The Premier trim of the 2020 Trax also has the most robust safety package, including automatic headlights, a rearview camera, blind-spot monitoring with rear cross-traffic alert, parking sensors, forward collision mitigation, and lane departure warning systems. But looking forward to 2021, we have limited information about how many of the Premier’s features will be offered on the LT versus discontinued completely. Still, it appears that equipment such as blind-spot monitoring, keyless ignition, and more will only be offered as options on the LT trim.

In contrast, the 2021 Chevy Trailblazer will be available in five trim levels: L, LS, LT, ACTIV, and RS. This is not unusual for first-year offerings, as Chevy will need to learn through experience where the sweet spot is between price and features. Still, the L trim starts out with a pretty impressive collection of technology and conveniences. These include the Chevy Safety Assist suite of features with forward collision mitigation, automatic high beams, and lane-keep assist.

But for the Trailblazer, more advanced features like blind-spot monitoring, rear parking sensors, and rear cross-traffic alert are only available as part of the optional Driver Confidence package on the LT trim and above. It also appears that the ACTIV and RS trims are slated to be very similar. The ACTIV trim sports a faux leather interior and roof rails, while the RS has signature red interior highlights and 18-inch wheels. But both trims, along with the LT trim, will share a variety of powered, heated, and automatic convenience features from seats to sunroofs.

Many who have been following the Chevy brand for years believe that there appears to be a move towards streamlining expectations for trims, features, and options. Especially since the Trax and Trailblazer, as well as their bigger brother the Equinox, are driving on similar roads, so to speak. But others feel this might be an attempt to level the playing field between these Chevy SUVs so as more accurately gauge performance and sales going forward. Of course, this is all speculation, and any final decisions will come from GM directly, likely within the first quarter of 2021.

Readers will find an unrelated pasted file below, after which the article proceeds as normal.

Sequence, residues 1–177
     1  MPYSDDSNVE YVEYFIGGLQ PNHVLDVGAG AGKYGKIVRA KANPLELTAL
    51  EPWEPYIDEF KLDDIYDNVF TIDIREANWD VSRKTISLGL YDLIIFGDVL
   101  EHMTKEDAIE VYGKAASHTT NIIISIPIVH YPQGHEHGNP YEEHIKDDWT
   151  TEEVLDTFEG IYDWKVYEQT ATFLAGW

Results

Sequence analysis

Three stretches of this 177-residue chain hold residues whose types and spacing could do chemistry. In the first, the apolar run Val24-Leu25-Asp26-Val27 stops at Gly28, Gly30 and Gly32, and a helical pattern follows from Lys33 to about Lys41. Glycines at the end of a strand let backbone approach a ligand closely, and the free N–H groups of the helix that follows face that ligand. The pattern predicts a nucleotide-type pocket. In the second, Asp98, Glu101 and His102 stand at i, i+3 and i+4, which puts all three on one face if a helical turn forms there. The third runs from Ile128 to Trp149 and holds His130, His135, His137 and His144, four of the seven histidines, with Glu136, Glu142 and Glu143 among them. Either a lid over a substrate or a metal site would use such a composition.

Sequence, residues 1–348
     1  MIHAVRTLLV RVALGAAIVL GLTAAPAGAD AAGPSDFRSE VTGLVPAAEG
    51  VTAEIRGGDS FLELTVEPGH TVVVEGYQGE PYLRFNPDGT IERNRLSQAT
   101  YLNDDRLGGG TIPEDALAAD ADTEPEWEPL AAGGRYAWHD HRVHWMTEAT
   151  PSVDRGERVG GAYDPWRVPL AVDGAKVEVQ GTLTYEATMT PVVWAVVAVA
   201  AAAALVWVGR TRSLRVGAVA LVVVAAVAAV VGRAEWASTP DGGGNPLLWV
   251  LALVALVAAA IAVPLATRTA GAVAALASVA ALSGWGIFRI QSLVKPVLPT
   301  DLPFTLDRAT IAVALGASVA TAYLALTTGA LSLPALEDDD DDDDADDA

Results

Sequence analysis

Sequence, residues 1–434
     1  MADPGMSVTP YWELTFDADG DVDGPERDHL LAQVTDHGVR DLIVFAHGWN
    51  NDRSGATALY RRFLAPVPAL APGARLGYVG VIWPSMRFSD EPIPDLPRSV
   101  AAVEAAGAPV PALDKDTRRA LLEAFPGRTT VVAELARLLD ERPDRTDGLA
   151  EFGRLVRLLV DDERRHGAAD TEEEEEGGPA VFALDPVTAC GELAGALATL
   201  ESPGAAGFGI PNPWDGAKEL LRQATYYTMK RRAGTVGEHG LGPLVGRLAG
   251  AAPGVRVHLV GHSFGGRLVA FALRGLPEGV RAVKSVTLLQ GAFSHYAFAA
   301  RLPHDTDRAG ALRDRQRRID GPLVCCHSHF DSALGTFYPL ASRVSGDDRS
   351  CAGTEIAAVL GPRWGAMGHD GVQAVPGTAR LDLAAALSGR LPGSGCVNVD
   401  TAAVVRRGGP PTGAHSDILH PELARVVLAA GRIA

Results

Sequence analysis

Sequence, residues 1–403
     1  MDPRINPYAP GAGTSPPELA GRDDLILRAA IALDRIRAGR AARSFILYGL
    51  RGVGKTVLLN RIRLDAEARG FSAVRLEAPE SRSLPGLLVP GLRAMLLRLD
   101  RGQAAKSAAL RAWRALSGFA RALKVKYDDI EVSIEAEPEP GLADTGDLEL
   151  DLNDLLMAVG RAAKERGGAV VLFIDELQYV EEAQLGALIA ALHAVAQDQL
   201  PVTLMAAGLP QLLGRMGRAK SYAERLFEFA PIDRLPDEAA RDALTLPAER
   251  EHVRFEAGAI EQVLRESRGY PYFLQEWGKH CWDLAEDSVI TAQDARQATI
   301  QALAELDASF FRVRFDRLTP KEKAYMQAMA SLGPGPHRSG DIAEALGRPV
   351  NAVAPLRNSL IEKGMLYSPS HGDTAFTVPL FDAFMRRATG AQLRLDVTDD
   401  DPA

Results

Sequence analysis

An orange 2020 Chevy Equinox is driving on a rural road with fall foliage.

Under the Hood

Power is always important, and while the SUVs of the 1990s and earlier were bulky and sluggish, today’s subcompact and crossover models zip around almost as nimbly as a family sedan. The 2020 Trax comes with a turbocharged 1.4-liter four-cylinder engine that offers 138 horsepower and 148 lb/ft of torque. This engine is paired with a six-speed automatic transmission, and front-wheel drive is standard on all trims. However, all trims can also be optioned with all-wheel drive. Current information from Chevy has no indication of these details changing for the 2021 model.

The 2021 Trailblazer has two available engine options. The standard drivetrain on all trims except the ACTIV and RS is a 1.2L turbocharged 3-cylinder engine that offers 137 horsepower and comes with a continuously variable transmission and front-wheel drive. The ACTIV and RS trims instead come with a standard 1.3L turbocharged 3-cylinder engine, which offers 155 horsepower and is paired with a nine-speed automatic transmission. Drivers of the LS or LT trims can get this engine as well, but only by upgrading to all-wheel drive.

Do these facts and figures portend the end of days for the trusty Trax? It’s hard to say. It is clear that Chevy is not ready to put all of their eggs in one basket when it comes to their SUV lineup. Chevy SUVs are ruling the roads in the 21st century, so it doesn’t make sense to pull the plug on any of these models at the moment. However, with the Impala singing its swan song in 2020, it’s clear that Chevy isn’t afraid to dismiss models that aren’t selling. The Trax may be cruising on fumes, but it’s clear that the American appetite for the subcompact SUVs is still high. The next few years should be very interesting for Chevy SUVs, as we see how the lineup adapts to meet drivers’ needs.